Lewis’ robust faith was in stark contrast to the “leftist, atheist, cynical, hard-boiled, huge Magdalen” College where he taught for twenty-nine years. In a letter to Dom Bede Griffiths in 1951, Lewis wrote, “from Modernists I have to take bitterness and rancour as a matter of course” (229). But for himself, Lewis looked to Christ for his strength. In Mere Christianity he writes, “The sense in which a Christian leaves it to God is that he puts all his trust in Christ: trusts that Christ will somehow share with him the perfect human obedience which He carried out from His birth to His crucifixion: that Christ will make the man more like Himself and, in a sense, make good his deficiencies” (128).
Lewis’ worldview was decidedly different, even opposed to the prevailing attitudes toward society and culture in which he lived. Wesley Kort writes, “Modern culture…encourages self-centeredness in people. As Lewis says, ‘It is impossible, in the context, not to inquire what our civilization has been putting first for the last thirty years. And the answer is plain. It has been putting itself first’” (77).
Lewis’s faith and worldview propelled him to a lifetime of service and giving of himself. His attitude is expressed in a letter to Don Calabria: “In the poor man who knocks on my door, in my ailing mother, in the young man who seeks my advice, the Lord Himself is present: therefore let us wash His feet” (47). Whatever pressure Lewis may have felt to keep quiet about his faith, he never appeared to let it deter him. Instead he was bold to speak and involve himself with campus-related events. Perhaps the most well known is his association with the Oxford University Socratic Club.
The Club was born in 1941 in response to a student’s complaint that there was no forum within the university whereby the questions raised by atheists and agnostics could be debated. Lewis expressed interest in such a venue and he served as first president until 1954. This proved to be the ideal arena for Lewis to expound the Christian faith in a context that was acceptable in the university setting. Christopher Mitchell writes, “The Socratic Club was deliberately designed to be an arena where Christian and non-Christian could intellectually lock horns in an atmosphere that was fearless and unyielding in argumentation, yet ruled by civility” (338).
Yet even in this context Lewis’ characteristic humility and Christ-likeness shined through. Quoting Austin Farrer, a friend of Lewis who attended the Club meetings:
Lewis was an apologist from temper, from conviction, and from modesty. From temper, for he loved an argument. From conviction, being traditionally orthodox. From modesty, because he laid not claim either to the learning which would have made him a theologian or the grace which would have made him a spiritual guide. His writings certainly express a solid confidence; but it is the confidence that he can detect the fallacy of current objectives to belief, and appreciate the superiority of orthodox tenants over rival positions; that he has some ability, besides, to make others see what he so clearly sees himself. These are modest claims, when compared with the pretension to look deeply into the things of God: a pretension he never advanced, even by implication, either on intellectual or spiritual grounds. (339)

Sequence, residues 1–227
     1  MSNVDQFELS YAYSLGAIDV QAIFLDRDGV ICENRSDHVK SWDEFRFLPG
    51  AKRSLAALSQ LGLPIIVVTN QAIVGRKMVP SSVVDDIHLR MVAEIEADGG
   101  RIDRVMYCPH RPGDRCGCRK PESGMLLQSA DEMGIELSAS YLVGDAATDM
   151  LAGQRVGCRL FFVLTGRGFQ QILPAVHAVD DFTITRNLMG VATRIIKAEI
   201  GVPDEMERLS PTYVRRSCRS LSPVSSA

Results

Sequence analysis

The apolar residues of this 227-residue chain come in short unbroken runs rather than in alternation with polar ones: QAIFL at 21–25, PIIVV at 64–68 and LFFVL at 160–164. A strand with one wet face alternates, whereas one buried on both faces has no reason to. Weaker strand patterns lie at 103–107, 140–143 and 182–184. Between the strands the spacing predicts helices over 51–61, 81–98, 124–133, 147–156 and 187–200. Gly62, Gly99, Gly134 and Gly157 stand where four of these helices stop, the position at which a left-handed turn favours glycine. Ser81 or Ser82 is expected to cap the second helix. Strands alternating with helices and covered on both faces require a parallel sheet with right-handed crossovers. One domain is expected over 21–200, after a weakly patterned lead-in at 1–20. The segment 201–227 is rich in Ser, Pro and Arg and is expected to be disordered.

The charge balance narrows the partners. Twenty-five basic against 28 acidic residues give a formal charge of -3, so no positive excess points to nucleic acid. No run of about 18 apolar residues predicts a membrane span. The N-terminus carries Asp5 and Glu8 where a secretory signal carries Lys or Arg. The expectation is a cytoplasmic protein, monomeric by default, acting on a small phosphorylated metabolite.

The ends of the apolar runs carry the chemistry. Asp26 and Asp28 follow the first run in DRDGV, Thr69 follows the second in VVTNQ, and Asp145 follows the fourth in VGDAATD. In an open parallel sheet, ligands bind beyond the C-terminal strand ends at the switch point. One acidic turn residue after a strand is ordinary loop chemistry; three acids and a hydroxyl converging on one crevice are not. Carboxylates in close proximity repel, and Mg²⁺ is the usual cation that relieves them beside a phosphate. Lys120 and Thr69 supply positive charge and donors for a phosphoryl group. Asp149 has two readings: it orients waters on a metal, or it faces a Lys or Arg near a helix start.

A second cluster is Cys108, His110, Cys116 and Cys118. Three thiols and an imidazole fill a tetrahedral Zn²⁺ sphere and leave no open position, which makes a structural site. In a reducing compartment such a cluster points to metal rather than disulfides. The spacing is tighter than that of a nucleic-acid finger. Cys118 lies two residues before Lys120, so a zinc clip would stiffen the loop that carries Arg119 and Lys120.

Certainly Lewis was not deterred from what he saw as his calling to be a witness for Christ at Oxford. It would seem that the opposition to his faith which confronted him, far from forcing him to be silent, merely acted to make him all the more vocal. His example is an inspiring exhortation.
His outspokenness brought many to Lewis seeking spiritual help. Yet, he never seemed to turn anyone away. Walter Hooper in his revised biography of Lewis writes:
It was not very long before Lewis realized that if you put your thoughts in print you had to accept the consequences. In any event, he believed he should. Over the years Lewis received vast numbers of letters from readers of Mere Christianity and his other theological books, and he tried to reply by return of post. The thousands of letters offering pastoral help are, in fact, a major part of Lewis’s writings, in which he encapsulated in a few words some of his most profound thoughts. (296)
Lewis’ attitude toward this part of his ministry is profoundly yet humorously recalled by Hooper:
Walter Hooper remembers walking down St. Giles with Lewis when he stopped to give money to a beggar. “Aren’t you afraid he’ll spend it on drink?” asked Hooper. “Well, if I kept it I would.” said Lewis. He told the younger man that his rule regarding beggars was “When in doubt, give.” Later, when Hooper was living in The Kilns and keeping up with his correspondence, Lewis said the same rule—“When in doubt, give”—applied to many of his correspondents. (296)
This is, I believe, one of the great lessons we can learn from Lewis. Being willing to be servants to all who come to us may be the greatest witness we can ever have. Lewis’ life was characterized by great learning, great ability to communicate, and a great Christ-likeness, and he used those traits to touch thousands in spite of the opposition he faced.